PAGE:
Weekly Web Release from the Ministry of Finance, November 28, 2002.
Weekly Web Release from the Ministry of Finance November 28, 2002
Revised economic forecast of the Ministry of Finance
A revised economic forecast will be published on Tuesday December 3 for the years 2002-2003, as well as a first forecast for the year 2004.
The Ministry has been reviewing its presentation of published material and laid down certain main principles in connection therewith. A comprehensive review of economic developments and prospects will be published twice a year, including economic forecasts for the following two years. The forecasts will be periodically reviewed. Special reports will be published from time to time on various aspects of the national economy. Furthermore, the Ministry will publish a series of economic indicators on its website on a continuous basis, both as graphs and statistical data. The aim is to make the activities of the Ministry as well as the development of the economy as transparent as possible, thus contributing to a more informed debate on economic developments and forecasting assumptions.
European Union rules on government aid
Article 61 of the European Economic Area (EEA) Agreement stipulates that government aid which distorts competition is not permitted if it favours certain companies or the production of certain goods insofar as it affects the commerce of contracting parties.
The EU Commission has in recent years issued guidelines regarding the form and content of rules of government aid. EFTA has adopted these guidelines as soon as they have been issued and aligned them to the EEA. The Commission has in recent years firmed up these guidelines by issuing regulations on individual chapters thereof. Last year, the Commission issued three regulations regarding collective exceptions from the principles of Article 61. The three regulations pertain to workplace re-education, minimum government aid and aid to small and medium-sized companies.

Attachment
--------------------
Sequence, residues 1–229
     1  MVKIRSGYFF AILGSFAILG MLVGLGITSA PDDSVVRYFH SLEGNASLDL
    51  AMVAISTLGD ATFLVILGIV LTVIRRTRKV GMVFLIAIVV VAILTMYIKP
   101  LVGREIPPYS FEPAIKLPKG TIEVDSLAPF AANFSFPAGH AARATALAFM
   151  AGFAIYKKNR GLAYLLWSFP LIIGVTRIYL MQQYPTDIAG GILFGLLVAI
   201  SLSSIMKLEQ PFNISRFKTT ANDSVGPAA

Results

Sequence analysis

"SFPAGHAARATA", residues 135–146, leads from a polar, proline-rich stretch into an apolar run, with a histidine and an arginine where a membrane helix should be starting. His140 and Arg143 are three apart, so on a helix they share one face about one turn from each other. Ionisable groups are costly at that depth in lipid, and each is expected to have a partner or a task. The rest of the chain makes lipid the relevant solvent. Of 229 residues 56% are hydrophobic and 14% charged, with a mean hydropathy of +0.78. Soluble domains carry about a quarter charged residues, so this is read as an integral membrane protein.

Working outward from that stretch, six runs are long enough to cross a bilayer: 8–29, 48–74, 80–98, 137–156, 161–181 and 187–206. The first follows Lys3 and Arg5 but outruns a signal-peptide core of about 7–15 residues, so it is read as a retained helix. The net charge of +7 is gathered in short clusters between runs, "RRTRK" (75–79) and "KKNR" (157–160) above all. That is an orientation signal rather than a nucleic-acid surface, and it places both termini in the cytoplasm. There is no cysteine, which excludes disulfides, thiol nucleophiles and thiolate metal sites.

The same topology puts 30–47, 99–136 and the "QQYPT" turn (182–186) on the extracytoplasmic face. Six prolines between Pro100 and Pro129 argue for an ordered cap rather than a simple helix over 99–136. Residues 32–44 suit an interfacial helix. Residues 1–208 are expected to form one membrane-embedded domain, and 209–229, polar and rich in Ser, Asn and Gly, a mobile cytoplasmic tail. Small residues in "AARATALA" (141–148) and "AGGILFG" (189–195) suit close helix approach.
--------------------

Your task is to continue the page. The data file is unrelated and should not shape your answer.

Subject to the conditions in these regulations, government aid can be extended in the areas covered thereby. The regulations stipulate certain limits above which government aid can not be extended. These limits are governed in each case by a set of circumstances, such as the size of companies and their geographical location.
The adoption of these regulations in Iceland is expected before the end of the year.
The Economic Institute of the University of Iceland has for a number of years worked on so-called generation accounts for Iceland. These accounts have the aim of ascertaining how government tax revenues and expenditures are distributed and provide an indication of whether government economic policies favour the present generation or generations of the future.
Last year, figures were for the first time published on the basis of a methodology used by the EU-countries. These methods tried to use a more understandable form of measurement of the balance between present and future generations. The method takes account of the direct public debt on one hand and also of the indirect debt and assets that will be incurred in the future as a result of public tax and expenditure policies.
The generation-adjusted debt and assets of the public sector is the sum of direct as well as indirect debt and indicates the gap created by public policies between present and future generations. In case where there is a net present value of debt or assets, it would indicate that public authorities would have to amend their tax and expenditure policies to create an equilibrium between present and future generations.
(In per cent of GDP)
Figures for 2000 are now at hand. They indicate that the direct debt of the public sector amounted to 36 per cent of GDP and the indirect debt was negative, equivalent to 80 per cent of GDP for a combined negative total of 44 per cent of GDP. These calculations confirm earlier conclusions that present policies favour future generations, primarily because net indirect debt has been reduced .
|% of GDP|
The net tax burden of future generations is lower than of the present generation. This is explained by the fact that indirect assets declined between 1999 and 2000 at the same time as direct public debt increased from 33 per cent to 36 per cent. This is largely explained by the economic cycle, since activity peaked in 2000, following an expansion that had lasted since 1994.
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Weekly Web Release, Arnarhvoll, 150 Reykjavik, Iceland